AI and Society 28 (3):309-318 (2013)
Robot enthusiasts envision robots will become a “race unto themselves” as they cohabit with the humankind one day. Profound questions arise surrounding one of the major areas of research in the contemporary world—that concerning artificial intelligence. Fascination and anxiety that androids impose upon us hinges on how we come to conceive of the “Cultural Other.” Applying the notion of the “other” in multicultural research process, we will explore how the “Other” has been used to illustrate values and theories about robots, as a mirror for the self. In this paper, we focus on the social, cultural, and religious implications of humans’ attitudes toward relationships between humans with robots. Six major views on humanoid robots are proposed: (1) robots as the “Frightening Other,” (2) robots as the “Subhuman Other,” (3) robots as the “Human Substitute,” (4) robots as the “Sentient Other,” (5) robots as the “Divine Other,” and (6) robots as the “Co-evolutionary Path to Immortality.” The likely and preferable scenario is the last one, which is compatible with an optimistic posthuman world in our evolutionary future. We imagine whether humans will meet the challenge of loving all living and non-living beings (including mechanical entities) might be the key to the co-evolution of both species and the ultimate happiness
|Keywords||Humanoid robots Cultural “Other” Robots as the “Frightening Other” Robots as the “Subhuman Other” Robots as the “Human Substitute” Robots as the “Sentient Other” Robots as the “Divine Other” Robots as the “Co-evolutionary Path to Immortality”|
|Categories||categorize this paper)|
References found in this work BETA
Apocalyptic Ai: Visions of Heaven in Robotics, Artificial Intelligence, and Virtual Reality.Robert Geraci - 2010 - Oup Usa.
The Second Self: Computers and the Human Spirit.S. Turkle - 1985 - Australasian Journal of Philosophy 63:520.
The Influence of People's Culture and Prior Experiences with Aibo on Their Attitude Towards Robots.Christoph Bartneck, Tomohiro Suzuki, Takayuki Kanda & Tatsuya Nomura - 2006 - AI and Society 21 (1-2):217-230.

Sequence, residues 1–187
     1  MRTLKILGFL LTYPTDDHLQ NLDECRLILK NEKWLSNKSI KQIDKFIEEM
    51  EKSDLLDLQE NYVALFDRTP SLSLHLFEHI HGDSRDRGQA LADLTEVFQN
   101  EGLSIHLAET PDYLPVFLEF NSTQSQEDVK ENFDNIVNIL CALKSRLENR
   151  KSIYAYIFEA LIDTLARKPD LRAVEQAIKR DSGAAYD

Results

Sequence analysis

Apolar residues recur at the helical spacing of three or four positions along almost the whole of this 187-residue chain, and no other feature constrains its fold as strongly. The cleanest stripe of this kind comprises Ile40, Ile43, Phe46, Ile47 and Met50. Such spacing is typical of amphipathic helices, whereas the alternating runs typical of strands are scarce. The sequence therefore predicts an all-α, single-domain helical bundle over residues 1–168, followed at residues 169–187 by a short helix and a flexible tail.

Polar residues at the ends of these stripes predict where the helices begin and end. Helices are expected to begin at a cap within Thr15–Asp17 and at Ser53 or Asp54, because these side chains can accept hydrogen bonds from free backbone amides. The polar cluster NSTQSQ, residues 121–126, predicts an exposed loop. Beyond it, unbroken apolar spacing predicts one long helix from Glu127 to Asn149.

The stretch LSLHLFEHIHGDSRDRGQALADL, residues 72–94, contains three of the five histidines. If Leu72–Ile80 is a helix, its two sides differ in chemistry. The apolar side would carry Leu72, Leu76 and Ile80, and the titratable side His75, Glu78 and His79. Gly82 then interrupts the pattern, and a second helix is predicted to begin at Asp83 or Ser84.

Citations of this work BETA
No citations found.
Similar books and articles
Humanoid Robots: A New Kind of Tool.Bryan Adams, Cynthia Breazeal, Rodney Brooks & Brian Scassellati - 2000 - IEEE Intelligent Systems 15 (4):25-31.
Reflections in a Robot's Eye: A Cultural History and Epistemological Critque of Humanoid Robotics.Rand D. LeBouvier - unknown
Studying Laughter in Combination with Two Humanoid Robots.Christian Becker-Asano, Takayuki Kanda, Carlos Ishi & Hiroshi Ishiguro - 2011 - AI and Society 26 (3):291-300.
Questionnaire-Based Social Research on Opinions of Japanese Visitors for Communication Robots at an Exhibition.Tatsuya Nomura, Takugo Tasaki, Takayuki Kanda, Masahiro Shiomi, Hiroshi Ishiguro & Norihiro Hagita - 2006 - AI and Society 21 (1-2):167-183.
Moral Appearances: Emotions, Robots, and Human Morality. [REVIEW]Mark Coeckelbergh - 2010 - Ethics and Information Technology 12 (3):235-241.
Modeling the Acceptance of Socially Interactive Robotics: Social Presence in Human–Robot Interaction.Dong-Hee Shin & Hyungseung Choo - 2011 - Interaction Studies 12 (3):430-460.
When Robots Fail: The Complex Processes of Learning and Development.Ludovic Marin & Olivier Oullier - 2001 - Behavioral and Brain Sciences 24 (6):1067-1068.
In the Hands of Machines? The Future of Aged Care.Robert Sparrow & Linda Sparrow - 2006 - Minds and Machines 16 (2):141-161.
Designing Robots for Care: Care Centered Value-Sensitive Design. [REVIEW]Aimee Wynsberghe - 2013 - Science and Engineering Ethics 19 (2):407-433.
Added to index2012-02-16
Total downloads66 ( #79,934 of 2,171,972 )
Recent downloads (6 months)9 ( #33,608 of 2,171,972 )
How can I increase my downloads?